Broker Check

Buying Brings Growth, Inflation Risk

| January 11, 2021

I was going to start this post discussing how not much has happened because of the holiday season and new year. Markets were closed, many people were off work, no new economic or market data were released, and so on.

Then damage and unrest erupted in Washington D.C. and elsewhere. Yet, to paraphrase Vice President Mike Pence, the people’s business was conducted in full.

So far, markets seem to have largely shrugged off the events (likely because the official business was completed). And Cornerstone will too. The will of the people is certified, and we must stay focused on our priorities.

What Propelled the 2020 Rally?

As our clients and readers know, a top priority at Cornerstone is market analysis. So, early in this new year we’d like to look back on the Federal Reserve and its growing influence on equity markets.

We’ve covered the Fed’s support of markets before, and it clearly helped as the S&P 500 finished at an all-time high of 3,756 in 2020. Last week we discussed how the market is very much counting on forward-looking earnings-per-share (EPS) estimates. But if you look at the S&P 500 chart over the past six months, you'd almost think there was no recent recession, and the pandemic was merely a Hollywood film.

The current EPS estimate of $139.22 for the S&P 500 is 21.6 percent below the estimate of $177.60 at the start of 2020. Yet somehow the index gained 16.3 percent, even though earnings collapsed. Granted, earnings could be up by more than 20 percent in 2021, so the market is expecting some normalization.

But as we look back to 2020, what was really driving this rally?

We believe the most important factor was at the Fed’s balance sheet rose by $3 trillion in 2020. That much money can buy a lot of assets, and the Fed didn't hesitate in doing so.

The Fed buying corporate bonds, Treasuries, and mortgages compressed credit spreads. Those collapsing credit spreads told pension funds and other institutional investors they needed to buy riskier assets to obtain returns, including high yield bonds and stocks. The Fed’s actions also gave institutional investors more dollars to spend on risk assets.

When the Fed is buying $120 billion worth of bonds every month, that means institutional investor accounts at the New York Fed or BlackRock have been credited, and those funds need to be deployed somewhere. Portions of the money may end up in the stock market because pension funds must make calculations of what percentage of stocks they’ll hold.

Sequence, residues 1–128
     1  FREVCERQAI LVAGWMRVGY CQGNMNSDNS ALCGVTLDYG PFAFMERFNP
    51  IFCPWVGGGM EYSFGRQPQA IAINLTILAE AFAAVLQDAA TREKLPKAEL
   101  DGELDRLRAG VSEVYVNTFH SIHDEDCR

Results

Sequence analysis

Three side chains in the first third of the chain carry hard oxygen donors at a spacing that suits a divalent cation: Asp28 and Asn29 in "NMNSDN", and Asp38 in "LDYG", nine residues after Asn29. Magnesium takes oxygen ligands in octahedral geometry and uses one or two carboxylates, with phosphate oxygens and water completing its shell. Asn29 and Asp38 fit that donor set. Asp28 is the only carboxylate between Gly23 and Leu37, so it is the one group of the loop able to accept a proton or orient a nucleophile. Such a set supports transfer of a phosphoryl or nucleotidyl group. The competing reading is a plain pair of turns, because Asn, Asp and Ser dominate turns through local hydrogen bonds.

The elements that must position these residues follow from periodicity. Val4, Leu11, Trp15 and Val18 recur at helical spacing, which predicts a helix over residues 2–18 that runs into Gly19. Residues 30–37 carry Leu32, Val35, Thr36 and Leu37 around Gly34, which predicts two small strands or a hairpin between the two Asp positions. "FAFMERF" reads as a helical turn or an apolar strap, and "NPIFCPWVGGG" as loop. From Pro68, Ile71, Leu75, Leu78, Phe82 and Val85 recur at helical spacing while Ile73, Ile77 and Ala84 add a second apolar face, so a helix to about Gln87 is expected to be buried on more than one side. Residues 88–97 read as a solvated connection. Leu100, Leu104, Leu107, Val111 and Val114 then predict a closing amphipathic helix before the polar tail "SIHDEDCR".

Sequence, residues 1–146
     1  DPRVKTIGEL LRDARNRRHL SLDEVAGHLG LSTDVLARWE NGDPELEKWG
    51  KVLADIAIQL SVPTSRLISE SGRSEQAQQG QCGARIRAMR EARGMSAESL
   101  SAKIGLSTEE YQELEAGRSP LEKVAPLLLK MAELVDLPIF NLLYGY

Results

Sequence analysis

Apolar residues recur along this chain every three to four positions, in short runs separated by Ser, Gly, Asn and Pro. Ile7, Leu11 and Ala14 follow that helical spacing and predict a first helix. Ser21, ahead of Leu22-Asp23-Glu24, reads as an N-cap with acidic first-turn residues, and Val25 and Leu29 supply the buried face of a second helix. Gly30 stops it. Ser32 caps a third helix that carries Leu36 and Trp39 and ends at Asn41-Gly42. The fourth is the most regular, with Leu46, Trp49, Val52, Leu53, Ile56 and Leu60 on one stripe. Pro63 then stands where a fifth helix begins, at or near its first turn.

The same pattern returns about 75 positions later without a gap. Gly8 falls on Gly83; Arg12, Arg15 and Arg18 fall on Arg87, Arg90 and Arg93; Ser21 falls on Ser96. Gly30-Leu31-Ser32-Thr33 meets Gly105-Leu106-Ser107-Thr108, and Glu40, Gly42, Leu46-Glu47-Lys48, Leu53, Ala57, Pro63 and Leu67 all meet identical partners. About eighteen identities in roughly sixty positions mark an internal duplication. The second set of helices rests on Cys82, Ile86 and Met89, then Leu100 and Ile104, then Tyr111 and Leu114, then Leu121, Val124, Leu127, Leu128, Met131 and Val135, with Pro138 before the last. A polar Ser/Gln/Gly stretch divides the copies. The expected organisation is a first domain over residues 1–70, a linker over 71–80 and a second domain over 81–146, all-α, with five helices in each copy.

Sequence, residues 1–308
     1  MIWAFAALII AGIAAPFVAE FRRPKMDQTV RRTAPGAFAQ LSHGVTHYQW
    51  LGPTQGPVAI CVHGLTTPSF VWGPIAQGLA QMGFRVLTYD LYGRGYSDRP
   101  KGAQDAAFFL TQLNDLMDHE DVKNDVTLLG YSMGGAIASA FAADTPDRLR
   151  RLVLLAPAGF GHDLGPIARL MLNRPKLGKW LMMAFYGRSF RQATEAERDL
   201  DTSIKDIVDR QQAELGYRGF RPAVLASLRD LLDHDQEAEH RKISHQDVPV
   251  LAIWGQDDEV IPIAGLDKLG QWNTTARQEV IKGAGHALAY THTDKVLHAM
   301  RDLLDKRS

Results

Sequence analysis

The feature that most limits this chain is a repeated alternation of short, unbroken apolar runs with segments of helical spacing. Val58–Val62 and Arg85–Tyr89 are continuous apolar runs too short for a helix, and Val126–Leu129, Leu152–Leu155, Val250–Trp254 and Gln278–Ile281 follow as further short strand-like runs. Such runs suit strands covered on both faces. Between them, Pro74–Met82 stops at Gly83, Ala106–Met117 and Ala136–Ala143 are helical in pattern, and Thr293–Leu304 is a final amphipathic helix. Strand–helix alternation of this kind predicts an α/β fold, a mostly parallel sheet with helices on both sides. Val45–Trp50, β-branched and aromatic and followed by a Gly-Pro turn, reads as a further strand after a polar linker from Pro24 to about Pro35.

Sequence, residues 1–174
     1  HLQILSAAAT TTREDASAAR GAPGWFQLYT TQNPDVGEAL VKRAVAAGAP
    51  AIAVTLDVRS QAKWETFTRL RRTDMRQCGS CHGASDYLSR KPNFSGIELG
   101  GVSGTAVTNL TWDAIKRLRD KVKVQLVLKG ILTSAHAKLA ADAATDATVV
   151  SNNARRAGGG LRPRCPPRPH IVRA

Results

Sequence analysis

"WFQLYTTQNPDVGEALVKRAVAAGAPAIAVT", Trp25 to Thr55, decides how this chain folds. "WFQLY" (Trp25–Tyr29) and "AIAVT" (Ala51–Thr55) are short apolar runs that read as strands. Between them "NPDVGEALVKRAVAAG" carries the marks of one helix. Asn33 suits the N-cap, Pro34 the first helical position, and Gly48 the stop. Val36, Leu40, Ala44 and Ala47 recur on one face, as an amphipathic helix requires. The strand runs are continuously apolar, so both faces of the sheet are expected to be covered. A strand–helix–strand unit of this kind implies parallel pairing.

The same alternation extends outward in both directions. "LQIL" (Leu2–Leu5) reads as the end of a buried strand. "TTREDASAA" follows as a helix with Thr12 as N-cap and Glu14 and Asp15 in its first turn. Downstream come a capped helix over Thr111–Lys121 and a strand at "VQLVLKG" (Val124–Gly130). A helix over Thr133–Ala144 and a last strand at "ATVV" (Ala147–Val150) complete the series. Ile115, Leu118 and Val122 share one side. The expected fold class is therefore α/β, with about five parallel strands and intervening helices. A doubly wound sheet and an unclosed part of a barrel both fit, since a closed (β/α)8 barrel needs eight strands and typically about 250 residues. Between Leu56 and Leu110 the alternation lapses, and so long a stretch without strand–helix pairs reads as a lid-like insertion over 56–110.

When looking back on markets in 2020, it’s pretty clear that one of the biggest driving factors of the rally was the Fed. If its balance sheet did not rise by $3 trillion, we highly doubt the S&P 500 would have ended at all-time highs. It probably would have finished about 1,000 points less.

The Years Ahead

We expect 2021 to have strong growth. There is support in place for markets and the economy. Similarly, given the results of the presidential election and Georgia Senate runoffs, we can probably expect an increase in stimulus spending. That should help keep positive momentum and drive recovery on an even greater scale.

However, the forward-looking concern we have is in 2022. That is when we would expect some inflation as the economy normalizes.

The reason we don't see this inflation risk in 2021 in the traditional consumer price inflation is because there's an output gap. In other words, there is slack in the economy caused by the pandemic. Until this gap closes, inflation will be hard to come by, which is why we don’t see it happening this year.

But inflation could occur in 2022 as more people who lost jobs because of COVID-19 get back to work and stimulus payments increase. As such, investors need to be aware that an evolving landscape could further change in different ways as soon as next year.   We will be carefully monitoring this risk going forward.

Big Money Index Update

Our trusty BMI has been overbought for about 5 weeks now which is in line with the 30-year average.  The Big Money Index is now leveling off as the chart below shows.

We believe the BMI has peaked which we previously forecast.  It appears the actual peak reading was 91.9% on December 18th.  This flattening indicates that we have reached a frothy orbital velocity and any meaningful pullback in the BMI would be an indication for the cyclical market pullback/reset that we have been expecting.  But remember, the BMI can stay overbought for extended periods of time as it did in 2020. 

We religiously follow the data though and when the BMI begins to trend downward the market tends to follow.  Don’t become overly worried though as this does not mean that we are bearish on stocks medium or in the long term.  We see this upcoming pullback as a natural market correction.

Securities sold through CoreCap Investments, LLC.  Advisory services offered by CoreCap Advisors, LLC. Cornerstone Financial Services, CoreCap Investments, and CoreCap Advisors are separate and unaf´Čüliated entities.